I have come to this a bit late, but there is a tiny furore raging over the decision of Greggs (the Geordie purveyors of the steak bake and bacon turnover, among other delicious healthy snacks) to recreate, for advertising purposes, a tableau of ‘the nativity’ featuring a sausage roll, apparently in the place of the Baby Jesus.
Many people claim to have been offended by the apparent substitution of a reconstituted meat and pastry product for Jesus. It is not for me to say whether anyone is, or should be, offended, but I would like to suggest that Gregg’s ill-considered nativity scene (for which they have apologised) is not as daft as it might at first seem.
Despite occasional explosions of iconoclasm throughout history, Christianity has a long tradition of communicating through visual and artistic iconography. The annunciation, the nativity, the crucifixion, the pietà, the reflective portrait of the Virgin Mary — all these and more are images that have entered the cultural consciousness of Judaeo-Christian culture. A human figure fixed to a cross is likely to be assumed to be, at the very least, an allusion to the crucified Jesus, even though it was a very common form of execution in Antiquity and has been used by ISIS within the last couple of years.
We have seen Angelina Jolie, Kim Kardashian, Beyoncé, and even Katie Hopkins depicted in poses which very clearly borrow from the classical iconography associated with the Virgin Mary (and/or the Sacred Heart):
Whether you find these images offensive is a matter for your own sensibilities and conscience. They may even be disrespectful, but it is important to remember that they are only images (and it is worth remembering that some Protestant Christians even respectfully devotional images as idolatrous). But for those for whom images play an important rôle (mainly Catholics and the Eastern Orthodox), there is no suggestion that it is the image itself which is actually worshipped, but rather what it points towards, or recalls. Thus, while depicting Michael Jackson in a pose which is suggestive of Christian iconography is not necessarily blasphemous, actually praying to Michael Jackson would be:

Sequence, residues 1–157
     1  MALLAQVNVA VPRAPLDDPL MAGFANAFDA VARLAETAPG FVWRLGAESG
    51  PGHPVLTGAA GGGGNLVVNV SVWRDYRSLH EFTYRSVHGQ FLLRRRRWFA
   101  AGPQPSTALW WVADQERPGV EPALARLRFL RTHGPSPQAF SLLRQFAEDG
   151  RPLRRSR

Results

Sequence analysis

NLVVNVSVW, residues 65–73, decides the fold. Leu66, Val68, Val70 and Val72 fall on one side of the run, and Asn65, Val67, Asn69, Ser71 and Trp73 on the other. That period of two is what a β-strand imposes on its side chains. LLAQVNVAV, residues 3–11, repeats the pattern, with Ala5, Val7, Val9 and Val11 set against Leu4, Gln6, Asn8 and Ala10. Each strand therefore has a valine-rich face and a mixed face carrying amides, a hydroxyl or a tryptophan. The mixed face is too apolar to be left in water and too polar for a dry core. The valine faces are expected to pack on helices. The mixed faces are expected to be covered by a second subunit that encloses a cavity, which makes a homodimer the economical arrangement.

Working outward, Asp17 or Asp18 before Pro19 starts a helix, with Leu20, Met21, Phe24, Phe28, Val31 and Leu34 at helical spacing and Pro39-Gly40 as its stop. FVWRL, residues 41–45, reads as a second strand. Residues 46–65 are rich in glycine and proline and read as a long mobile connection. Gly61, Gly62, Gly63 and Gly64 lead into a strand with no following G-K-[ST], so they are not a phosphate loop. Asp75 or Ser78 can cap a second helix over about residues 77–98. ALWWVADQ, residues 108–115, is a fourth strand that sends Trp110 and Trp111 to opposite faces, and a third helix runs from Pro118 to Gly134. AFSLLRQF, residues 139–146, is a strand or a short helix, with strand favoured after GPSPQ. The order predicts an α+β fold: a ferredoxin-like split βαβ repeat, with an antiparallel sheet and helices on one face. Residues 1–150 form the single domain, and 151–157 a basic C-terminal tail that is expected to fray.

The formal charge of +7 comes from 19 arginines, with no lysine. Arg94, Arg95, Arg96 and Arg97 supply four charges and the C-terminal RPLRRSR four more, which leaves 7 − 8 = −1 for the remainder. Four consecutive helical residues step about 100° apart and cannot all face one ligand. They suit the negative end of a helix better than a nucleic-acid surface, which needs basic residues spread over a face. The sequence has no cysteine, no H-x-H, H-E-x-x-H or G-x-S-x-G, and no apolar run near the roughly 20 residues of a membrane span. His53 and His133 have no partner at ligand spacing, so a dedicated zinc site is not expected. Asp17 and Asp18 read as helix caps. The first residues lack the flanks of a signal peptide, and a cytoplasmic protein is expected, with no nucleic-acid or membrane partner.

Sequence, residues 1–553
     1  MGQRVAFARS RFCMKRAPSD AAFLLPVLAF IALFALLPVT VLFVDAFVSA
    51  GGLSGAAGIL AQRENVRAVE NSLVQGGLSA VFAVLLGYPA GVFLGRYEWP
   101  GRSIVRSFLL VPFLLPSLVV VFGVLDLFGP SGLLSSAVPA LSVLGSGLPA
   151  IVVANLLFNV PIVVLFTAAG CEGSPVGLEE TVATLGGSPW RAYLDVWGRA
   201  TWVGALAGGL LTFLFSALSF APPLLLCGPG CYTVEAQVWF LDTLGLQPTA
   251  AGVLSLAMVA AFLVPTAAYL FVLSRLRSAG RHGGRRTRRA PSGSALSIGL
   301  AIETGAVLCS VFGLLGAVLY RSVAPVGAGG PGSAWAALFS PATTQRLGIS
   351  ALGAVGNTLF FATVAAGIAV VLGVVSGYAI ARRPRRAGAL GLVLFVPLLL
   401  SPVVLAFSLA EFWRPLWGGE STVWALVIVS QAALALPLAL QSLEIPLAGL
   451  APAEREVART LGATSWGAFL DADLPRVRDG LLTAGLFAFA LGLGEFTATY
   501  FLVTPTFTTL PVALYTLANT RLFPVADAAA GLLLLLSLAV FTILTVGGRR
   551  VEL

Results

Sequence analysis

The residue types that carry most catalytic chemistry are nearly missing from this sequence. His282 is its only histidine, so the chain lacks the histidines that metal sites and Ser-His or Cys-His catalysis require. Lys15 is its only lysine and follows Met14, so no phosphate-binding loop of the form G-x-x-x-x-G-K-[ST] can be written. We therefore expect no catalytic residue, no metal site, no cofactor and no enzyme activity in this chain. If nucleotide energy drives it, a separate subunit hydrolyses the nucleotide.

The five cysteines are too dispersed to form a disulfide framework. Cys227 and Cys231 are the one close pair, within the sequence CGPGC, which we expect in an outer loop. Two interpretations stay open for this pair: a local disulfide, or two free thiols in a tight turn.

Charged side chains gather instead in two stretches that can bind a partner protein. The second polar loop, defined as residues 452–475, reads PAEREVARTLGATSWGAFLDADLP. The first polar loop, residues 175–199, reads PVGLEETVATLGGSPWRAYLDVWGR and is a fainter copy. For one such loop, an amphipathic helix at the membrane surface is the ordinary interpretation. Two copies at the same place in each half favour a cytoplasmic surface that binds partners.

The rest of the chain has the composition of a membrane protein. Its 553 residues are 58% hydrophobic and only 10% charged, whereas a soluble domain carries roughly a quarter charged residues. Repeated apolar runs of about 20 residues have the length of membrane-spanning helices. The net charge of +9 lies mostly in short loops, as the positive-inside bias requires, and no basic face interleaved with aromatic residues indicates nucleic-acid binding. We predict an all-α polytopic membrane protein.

Both Islam and Judaism eschew human images in their iconography, the former famously so (although there is variation here — I have seen devotional images of the Prophet Mohammed in the bazaars of Iran). Despite frequent bouts of iconoclasm in the Church, the prohibition of images makes little sense in Christianity because Jesus is himself an image — the visible, human manifestation of the invisible and unknown God. This is why the heritage of Christian art is so very rich, and why, traditionally at least, the Epiphany was the main feast of Christ’s birth, not the Nativity (or ‘Christmas’). It was important because this was when Christ was ‘shown to’ and thus ‘seen by’ the world — not just his Jewish mother and foster father, Mary and Joseph, but the world beyond Israel, represented by the Magi from ‘the East’. (Incidentally, it is the Epiphany with the Magi that Greggs chose to represent.)